You may also find Scalpel useful (http://scalpel.sourceforge.net/) which uses an assembly step during indel calling (http://www.ncbi.nlm.nih.gov/pubmed/25128977 ) that may help with some of the alignment-derived false negatives.

                          Comment


                          • #14
                            Originally posted by alexholman View Post
                            I am attempting to detect indels from a panel of clones resulting from CRISPR targeted deletion. Regions around the target were PCR amplified to produce a roughly 160bp amplicon, which was then sequenced with as a PE150 run.
                            I've been banging my head against finding a tool that can:

                            1) Detect which clones have indels
                            2) Identify the location of these indels, ideally in a VCF or similar file such that the full panel of 96 clones can visualized (i.e. in IGV).
                            3) Provide annotation details about the read depth at the indel position and percentage of the sequences that contain an indel.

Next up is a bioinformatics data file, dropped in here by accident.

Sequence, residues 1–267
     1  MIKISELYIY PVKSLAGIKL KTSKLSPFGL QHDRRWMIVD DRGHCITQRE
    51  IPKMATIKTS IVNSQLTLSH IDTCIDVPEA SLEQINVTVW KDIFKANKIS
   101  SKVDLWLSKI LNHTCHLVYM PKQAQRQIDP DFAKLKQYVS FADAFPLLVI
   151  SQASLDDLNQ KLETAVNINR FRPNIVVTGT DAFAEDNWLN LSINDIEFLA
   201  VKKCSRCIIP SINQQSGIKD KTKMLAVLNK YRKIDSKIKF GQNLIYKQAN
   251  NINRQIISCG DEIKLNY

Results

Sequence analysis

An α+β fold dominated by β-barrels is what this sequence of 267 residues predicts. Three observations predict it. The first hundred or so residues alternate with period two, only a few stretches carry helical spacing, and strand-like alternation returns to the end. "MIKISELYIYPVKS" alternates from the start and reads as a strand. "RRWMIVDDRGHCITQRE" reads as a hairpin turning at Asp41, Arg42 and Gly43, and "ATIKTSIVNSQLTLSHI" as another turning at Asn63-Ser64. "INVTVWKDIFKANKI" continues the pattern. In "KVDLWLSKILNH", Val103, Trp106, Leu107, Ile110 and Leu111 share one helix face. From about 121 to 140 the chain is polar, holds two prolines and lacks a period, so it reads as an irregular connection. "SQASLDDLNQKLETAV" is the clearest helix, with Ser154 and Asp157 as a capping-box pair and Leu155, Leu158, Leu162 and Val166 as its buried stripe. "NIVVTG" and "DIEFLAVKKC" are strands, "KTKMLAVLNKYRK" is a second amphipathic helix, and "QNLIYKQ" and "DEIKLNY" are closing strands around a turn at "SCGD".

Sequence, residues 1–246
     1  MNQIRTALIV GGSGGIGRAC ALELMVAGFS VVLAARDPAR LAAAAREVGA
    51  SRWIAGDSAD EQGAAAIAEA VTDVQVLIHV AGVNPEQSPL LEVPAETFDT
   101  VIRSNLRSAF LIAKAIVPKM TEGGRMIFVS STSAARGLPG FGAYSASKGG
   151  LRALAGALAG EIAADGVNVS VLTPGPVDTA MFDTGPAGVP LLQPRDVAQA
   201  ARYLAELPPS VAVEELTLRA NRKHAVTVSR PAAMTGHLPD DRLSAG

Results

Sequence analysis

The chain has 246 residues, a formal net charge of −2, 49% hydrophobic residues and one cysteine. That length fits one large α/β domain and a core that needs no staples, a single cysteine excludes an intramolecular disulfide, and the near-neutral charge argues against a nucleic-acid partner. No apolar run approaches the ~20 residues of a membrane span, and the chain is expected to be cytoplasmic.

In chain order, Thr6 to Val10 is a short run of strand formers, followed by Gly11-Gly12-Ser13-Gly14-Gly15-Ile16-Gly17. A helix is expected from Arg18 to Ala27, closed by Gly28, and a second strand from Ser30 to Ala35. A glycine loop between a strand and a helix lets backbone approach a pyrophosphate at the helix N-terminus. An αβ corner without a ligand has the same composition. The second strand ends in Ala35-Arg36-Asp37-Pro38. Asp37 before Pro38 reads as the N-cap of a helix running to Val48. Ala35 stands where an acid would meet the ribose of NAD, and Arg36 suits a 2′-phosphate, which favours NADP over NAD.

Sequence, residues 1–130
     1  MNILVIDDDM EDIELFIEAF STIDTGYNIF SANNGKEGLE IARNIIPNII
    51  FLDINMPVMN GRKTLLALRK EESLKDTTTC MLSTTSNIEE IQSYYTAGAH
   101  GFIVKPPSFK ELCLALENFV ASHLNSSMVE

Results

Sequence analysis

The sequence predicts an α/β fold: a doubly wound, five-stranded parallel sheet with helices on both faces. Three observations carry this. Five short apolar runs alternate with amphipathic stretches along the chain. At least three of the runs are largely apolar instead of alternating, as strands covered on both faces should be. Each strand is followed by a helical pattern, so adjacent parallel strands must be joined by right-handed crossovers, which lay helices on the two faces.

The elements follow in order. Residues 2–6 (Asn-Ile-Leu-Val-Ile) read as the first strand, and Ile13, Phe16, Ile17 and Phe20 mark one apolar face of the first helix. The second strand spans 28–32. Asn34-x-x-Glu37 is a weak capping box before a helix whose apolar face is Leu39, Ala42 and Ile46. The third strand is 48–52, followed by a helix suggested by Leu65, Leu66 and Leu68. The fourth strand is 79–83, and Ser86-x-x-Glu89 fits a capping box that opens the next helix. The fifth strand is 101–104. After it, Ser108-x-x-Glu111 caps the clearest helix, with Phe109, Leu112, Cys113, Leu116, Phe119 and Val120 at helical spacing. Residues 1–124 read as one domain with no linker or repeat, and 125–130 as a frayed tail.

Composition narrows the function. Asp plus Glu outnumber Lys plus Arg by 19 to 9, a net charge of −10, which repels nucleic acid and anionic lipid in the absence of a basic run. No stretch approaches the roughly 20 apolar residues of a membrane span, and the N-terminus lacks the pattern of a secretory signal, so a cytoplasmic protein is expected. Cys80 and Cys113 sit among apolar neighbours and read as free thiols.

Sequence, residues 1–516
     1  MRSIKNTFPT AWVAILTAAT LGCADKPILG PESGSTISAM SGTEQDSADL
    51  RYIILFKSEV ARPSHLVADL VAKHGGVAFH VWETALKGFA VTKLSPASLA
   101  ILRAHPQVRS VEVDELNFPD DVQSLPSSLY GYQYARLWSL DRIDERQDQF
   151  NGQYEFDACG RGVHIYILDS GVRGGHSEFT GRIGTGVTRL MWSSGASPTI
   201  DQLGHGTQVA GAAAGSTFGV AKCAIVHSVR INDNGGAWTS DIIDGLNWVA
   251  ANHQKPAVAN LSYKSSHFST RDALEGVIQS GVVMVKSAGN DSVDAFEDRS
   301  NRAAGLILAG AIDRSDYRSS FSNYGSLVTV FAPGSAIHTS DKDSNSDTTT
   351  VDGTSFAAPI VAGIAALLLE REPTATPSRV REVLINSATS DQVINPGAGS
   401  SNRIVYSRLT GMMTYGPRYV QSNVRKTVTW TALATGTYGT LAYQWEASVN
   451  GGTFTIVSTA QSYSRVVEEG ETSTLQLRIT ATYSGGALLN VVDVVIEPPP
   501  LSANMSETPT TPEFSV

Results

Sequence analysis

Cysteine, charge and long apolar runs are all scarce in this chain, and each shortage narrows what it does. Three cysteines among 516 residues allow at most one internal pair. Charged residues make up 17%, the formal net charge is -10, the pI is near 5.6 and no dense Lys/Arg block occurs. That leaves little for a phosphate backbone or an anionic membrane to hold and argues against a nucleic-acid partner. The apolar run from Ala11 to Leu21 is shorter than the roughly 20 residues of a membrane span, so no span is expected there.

4) Is a stand-alone tool that I can install on my Unix bo
                            Thank you, for your very informative topic with a happy ending

                            Comment


                            • #15
                              Originally posted by alexholman View Post
                              Well, after much frustration, I stumbled onto the package freebayes "Bayesian haplotype-based polymorphism discovery and genotyping"
                              Bayesian haplotype-based genetic polymorphism discovery and genotyping. - freebayes/freebayes


                              The caller seems to work well on amplicon data and ended up being the cleanest and most complete VCF file (with ref and alt allele frequencies).
                              I have Crisp dataset with PE 250bp, and I tried Bayesian software tool, but I see very little INDEL in the vcf result file, and I can see the INDEL in IGV when the bam file is loaded into IGV view. I would like you to share some of detail info with me.
                              1) I used bwa-mem as an aligner, and which one you used?
                              2) my freebayes command line:
                              freebayes -f /home/db/chr5.fa --region chr5:112818960-112819204 my_sorted.bam > results.vcf

                              Comment